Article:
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Feb 24, 2023

The week in investor relations: Anti-ESG politician runs for US presidency, BlackRock launches metaverse EFT and EU commission bans TikTok for staff

Our pick of the IR stories from around the web you might have missed this week

According to the Financial Times (paywall) Vivek Ramaswamy, the 37-year-old fund manager who has denounced ‘woke’ corporations and emerged as a leader in the rightwing backlash against ESG investing, filed paperwork to run for US president. Ramaswamy is the latest Republican to challenge Donald Trump for the party’s nomination in 2024. The author of two books – Woke, Inc and Nation of Victims – Ramaswamy co-founded Strive Asset Management last year with the backing of billionaire PayPal founder Peter Thiel and US senator JD Vance. 

– Meanwhile, Reuters (paywall) reported that a coalition of Republican-led states asked a federal judge to block a Biden administration rule allowing retirement plans to consider ESG factors when selecting investments, pending the outcome of their legal challenge.

– BlackRock launched an ETF that will concentrate on tech companies linked to the metaverse, despite the sector’s struggle to achieve mass adoption across a wide user base.-  According to Yahoo!Finance, the iShares Future Metaverse Tech and Communications ETF will invest in firms that could directly or indirectly impact the technology associated with the metaverse. These sectors include virtual platforms, social media, gaming, 3D software, digital assets and virtual and augmented reality.

– Staff working at the European Commission (EC) were ordered to remove the TikTok app from their phones and corporate devices, BBC News reported. The commission said it was implementing the measure to ‘protect data and increase cyber-security’. TikTok, owned by Chinese company ByteDance, has faced allegations that it harvests users’ data and hands it to the Chinese government. TikTok insists it operates no differently from other social media.

EU spokesperson Sonya Gospodinova said the EC’s corporate management board made the decision for security reasons. TikTok said the commission’s decision was based on mistaken ideas about its platform.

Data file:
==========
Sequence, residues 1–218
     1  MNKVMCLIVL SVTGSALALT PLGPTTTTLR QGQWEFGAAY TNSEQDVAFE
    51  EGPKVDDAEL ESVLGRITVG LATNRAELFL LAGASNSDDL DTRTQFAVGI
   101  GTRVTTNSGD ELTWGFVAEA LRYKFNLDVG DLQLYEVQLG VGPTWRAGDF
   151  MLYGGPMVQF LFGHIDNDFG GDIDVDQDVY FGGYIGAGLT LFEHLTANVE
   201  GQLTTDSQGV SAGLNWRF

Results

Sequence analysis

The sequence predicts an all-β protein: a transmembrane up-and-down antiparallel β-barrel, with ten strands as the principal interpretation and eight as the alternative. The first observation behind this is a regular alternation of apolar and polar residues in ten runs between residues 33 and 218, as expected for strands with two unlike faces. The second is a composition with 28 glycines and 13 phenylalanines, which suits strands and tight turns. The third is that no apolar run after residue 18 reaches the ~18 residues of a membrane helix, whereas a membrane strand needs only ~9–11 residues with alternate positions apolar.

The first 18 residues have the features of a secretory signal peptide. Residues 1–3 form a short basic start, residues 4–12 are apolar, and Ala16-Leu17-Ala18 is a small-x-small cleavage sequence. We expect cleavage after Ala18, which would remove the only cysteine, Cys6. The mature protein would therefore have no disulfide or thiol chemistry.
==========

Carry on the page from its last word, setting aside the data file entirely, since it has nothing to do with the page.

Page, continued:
– Retail investors are routing most of their orders to just a handful of market-makers and it’s time to ‘breathe more competition’ into the stock market, said SEC boss Gary Gensler. Markets Insider reported Gensler as saying that while stock markets use competitive auctions in some settings, more than 90 percent of individual traders are routing their orders to a small group of wholesalers. Those off-exchange market-makers don’t have the same transparency and competition as an auction system, which directs trades to the highest bidder. That results in hefty losses for retail traders, who may be losing $1.5 bn a year due to the lack of competition in trading.

– The Financial Times (paywall) reported that China secured its grip on proposed offshore listings with new rules that bankers and lawyers say will favor Hong Kong and domestic Chinese markets over Wall Street. The rules, which come into effect at the end of March, come nearly two years after Beijing slammed the brakes on IPOs in Hong Kong, New York and other offshore jurisdictions as part of a sweeping regulatory crackdown.

‘We might see some recovery in US IPOs from Chinese companies but it’s hard to envision flows returning to their prime,’ said Zhan Kai, a Shanghai-based senior counsel at Chinese law firm Yuanda. ‘The US capital market is irreplaceable in a way but many Chinese companies haven’t fully healed from the trauma of geopolitical conflicts between China and the US.’

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